High value treatment for lower back pain includes education, physical therapy and re-assurance.

Low value treatment for lower back pain includes MRI, injections, and opioid therapy. These lead to high change of chronic pain and surgery.

In context, do you feel that you would be more willing to exercise when you have lower back pain after a doctor tells you have you normal age-related findings on a MRI or if you have degeneration of your spine? While these are saying the same thing in two different ways, one leads to much better outcomes and long-term results. Not that the degeneration isn’t true but arthritis and degeneration of your spine isn’t scary and most of the time isn’t painful. It's just proving you have been on this earth for a year or two! 

lower back arthritis or degeneration
Lower back arthritis or degeneration? 

When I treat lower back pain, my short term goal is to make your lower back pain better. But my long term goal is to help develop a long term solution to stay better. That almost always comes from figuring out what your body is able to tolerate and building an exercise program around that. I focus on building a plan around your life with the convenience of treating you in your home.

7 necessities for the at home workout for your lower back pain.

  1. It can’t hurt. If you have back pain during a workout, we are not likely to continue because we are worried it may make us worse or do damage. While most of the time this isn’t the case, we are still cautious.
  2. No equipment. Let’s be honest if we have to buy fancy things or make sure it’s around us, the less likely we are to do it.
  3. It has to be quick! We are all busy and while most of us know strengthening is good for lower back pain and for our general health, the time commitment is a challenge. Let’s do as much as needed but no more than necessary.
  4. Instructions. We need to know what to do, how it should feel, and how much to do it. This video is a great workout for lower back pain and it will help you feel less stiff and stronger.
  5. You don’t need a lot of space for a lower back pain workout. Your living room, bedroom, or even family room will have just the right amount of space.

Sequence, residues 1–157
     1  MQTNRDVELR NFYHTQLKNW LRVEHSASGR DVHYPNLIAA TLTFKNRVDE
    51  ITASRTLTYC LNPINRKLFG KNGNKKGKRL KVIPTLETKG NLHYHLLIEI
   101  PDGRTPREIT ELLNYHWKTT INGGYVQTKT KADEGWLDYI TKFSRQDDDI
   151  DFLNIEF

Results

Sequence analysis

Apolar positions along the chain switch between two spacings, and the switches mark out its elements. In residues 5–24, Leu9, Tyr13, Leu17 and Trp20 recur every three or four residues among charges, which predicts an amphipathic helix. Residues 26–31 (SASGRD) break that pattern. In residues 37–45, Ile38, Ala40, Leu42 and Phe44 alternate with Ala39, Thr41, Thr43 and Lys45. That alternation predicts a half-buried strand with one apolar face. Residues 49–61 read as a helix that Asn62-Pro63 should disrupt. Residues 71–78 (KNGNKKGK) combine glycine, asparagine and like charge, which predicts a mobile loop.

6. You should warm up. For lower back workouts, warming up your joints and muscles is important. Most don’t do this but it is vital. You should improve your stiffness and range of motion then strengthen to teach your body and improve your lower back pain.
  7. Be cleared to workout. For most, your doctor will tell you that you are safe to workout. Even if you have comorbidities such as hypertension, diabetes, or even a history of past surgeries working out can be completely safe. To make sure always consult a healthcare provider first to make sure you are ready to get stronger and feel better.

In summary: We have covered what exercises should you avoid with lower back pain and learned that exercise is strongly supported by evidence. I have seen it help 1000’s of people who have lower back and who want to prevent it. It’s what you do and how you do it that matters. We need to be smart and listen to our body. We are all busy but we also want to be able to feel better and do more despite our lower back pain.

Quick and effective lower back pain workouts at home are perfect for those who work from home or have busy lives. Try to the 10 min workout to improve your pain, mobility, and strength.

If you want to know more about improving hip and lower back pain check out this webinar I did. It covers differences between hip and back pain as well as common treatments for both as well as best evidence for recovery! 

Make sure to subscribe to be up to date about more tips and tricks around lower back pain!


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Dr. Michael Derry is a Doctor of Physical Therapy and board certified in orthopedics. He is very passionate about treating lower back pain and helping people build their resiliency. He has spent time assisting at universities as well as managing large clinics before starting his own practice in Jacksonville, FL.